Pakistan faces a ‘disaster of unprecedented scale’

News writing timed test.

The brief: You are a journalist for the English service of International news agency Agence France-Presse (AFP).  Write a 450-word international news story on the Pakistan floods using a media pack supplied.  The story must adhere to the pyramid structure.  You should choose an angle that you think will have the broadest appeal for a global readership.  You are free to carry out additional internet research but remember you must source your facts and quotes directly. Do not exceed the word count.

Reflection: I didn’t reach the word limit in the time given but wanted to submit something rather than nothing.  (incidentally for someone who has always struggled to keep under word counts I think I might be starting to master writing concisely…!!)

I gained a 2:1 level mark for this piece so for my first timed ‘pressure news writing’ test I was pleased!  I focused on structure and filtering out the key points from the information filled media pack that would have the widest appeal.

By carrying out additional research I tried to relate the size of the affected area to countries that many international audiences would be familiar with – USA and UK.  I used the UN quotes for the authority, local voices to show direct impact of the floods and an aid agency quote to show another perspective and to highlight some of the challenges.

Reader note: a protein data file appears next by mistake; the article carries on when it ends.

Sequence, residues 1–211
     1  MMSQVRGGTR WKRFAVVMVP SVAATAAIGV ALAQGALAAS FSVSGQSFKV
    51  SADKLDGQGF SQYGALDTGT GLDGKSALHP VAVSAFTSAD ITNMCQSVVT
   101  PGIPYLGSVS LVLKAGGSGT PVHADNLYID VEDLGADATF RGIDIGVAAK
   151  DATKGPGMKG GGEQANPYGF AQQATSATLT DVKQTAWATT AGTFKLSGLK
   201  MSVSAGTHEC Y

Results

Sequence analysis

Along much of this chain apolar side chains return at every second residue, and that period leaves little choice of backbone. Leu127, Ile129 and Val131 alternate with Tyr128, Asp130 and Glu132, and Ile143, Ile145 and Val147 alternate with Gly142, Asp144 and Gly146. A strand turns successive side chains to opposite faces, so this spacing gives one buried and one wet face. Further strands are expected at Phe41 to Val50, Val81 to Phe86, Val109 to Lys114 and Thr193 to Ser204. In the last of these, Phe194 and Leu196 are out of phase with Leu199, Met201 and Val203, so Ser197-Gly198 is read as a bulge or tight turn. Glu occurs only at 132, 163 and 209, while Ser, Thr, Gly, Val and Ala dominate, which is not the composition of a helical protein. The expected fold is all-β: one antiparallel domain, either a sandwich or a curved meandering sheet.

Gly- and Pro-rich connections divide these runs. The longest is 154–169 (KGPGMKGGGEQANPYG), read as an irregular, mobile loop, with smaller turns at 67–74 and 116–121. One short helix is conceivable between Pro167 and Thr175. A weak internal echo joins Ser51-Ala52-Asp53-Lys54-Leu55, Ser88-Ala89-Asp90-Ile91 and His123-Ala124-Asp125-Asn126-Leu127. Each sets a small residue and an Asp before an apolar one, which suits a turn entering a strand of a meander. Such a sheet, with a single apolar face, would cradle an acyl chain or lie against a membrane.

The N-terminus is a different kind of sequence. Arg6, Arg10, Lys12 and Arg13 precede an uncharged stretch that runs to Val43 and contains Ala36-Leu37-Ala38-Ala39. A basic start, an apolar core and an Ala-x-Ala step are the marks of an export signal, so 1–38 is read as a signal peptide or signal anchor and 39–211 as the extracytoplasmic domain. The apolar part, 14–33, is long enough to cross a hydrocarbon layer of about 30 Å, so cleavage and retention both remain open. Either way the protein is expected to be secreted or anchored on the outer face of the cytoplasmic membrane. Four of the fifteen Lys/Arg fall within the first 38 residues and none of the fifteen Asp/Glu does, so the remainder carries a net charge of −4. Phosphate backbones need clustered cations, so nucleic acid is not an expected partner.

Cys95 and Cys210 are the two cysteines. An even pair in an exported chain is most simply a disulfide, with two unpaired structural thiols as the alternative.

I have incorporated my feedback comments below – the main changes were changing use of present to past tense (something which is different for radio and TV journalism!)

 

Pakistan faces a ‘disaster of unprecedented scale’

By Catherine Feltham

About a fifth of Pakistan is underwater according to the United Nations (UN) after floods hit the north-western province of Khyber-Pakhtunkhwa on Thursday.

With nearly two thirds of the region’s 3.5 million residents being affected UN spokesperson Stacey Winston said: “This is a disaster of unprecedented scale in terms of the number of people and the scale of area affected.”

The affected area is equivalent in size to New England in America or larger than the entire size of England.

UN Secretary-General Ban Ki-moon said: “Pakistan is facing a slow-motion tsunami. Its destructive power will accumulate and grow with time…Make no mistake: this is a global disaster, a global challenge. It is one of the greatest tests of global solidarity in our times.”

More than 115,000 tents and 77,000 tarpaulins have been distributed to those in need and the district government has established 30 relief camps and 13 tent villages to shelter desperate families.

Aid has been offered to the UN for the disaster and about 70 per cent of the $460 million initially sought has been contributed or pledged so far. The USA has promised $150 million in aid to the relief efforts.

Mohammed Shafridi, a villager from Sindh province told AFP: “We’re doing so much to help the United States in the war on terrorism. Now we’re in crisis and we expect help. Now is the time for them to prove their commitment to us.”

Footage from RT coming out of Pakistan showed people, animals and trees being swept away by the raging torrent of water that continues to cause devastation.

“Water came suddenly and with a lot of force. It was chest high…I think I will have white hair by the time I will manage to rebuild my house. Or maybe I will never be able to,” said Maqsood Amir, a 32-year-old farmer from the Charsadda district of Khyber-Pakhtunkhwa province.

The NGO UNICEF has told Agence France-Presse they are concerned about health and sanitation. “Unfortunately, people are defecating wherever they can…and then they use this very water to drink.”

The charity is currently reaching about two million people with clean water each day.

ENDS

Word Count: 356

 

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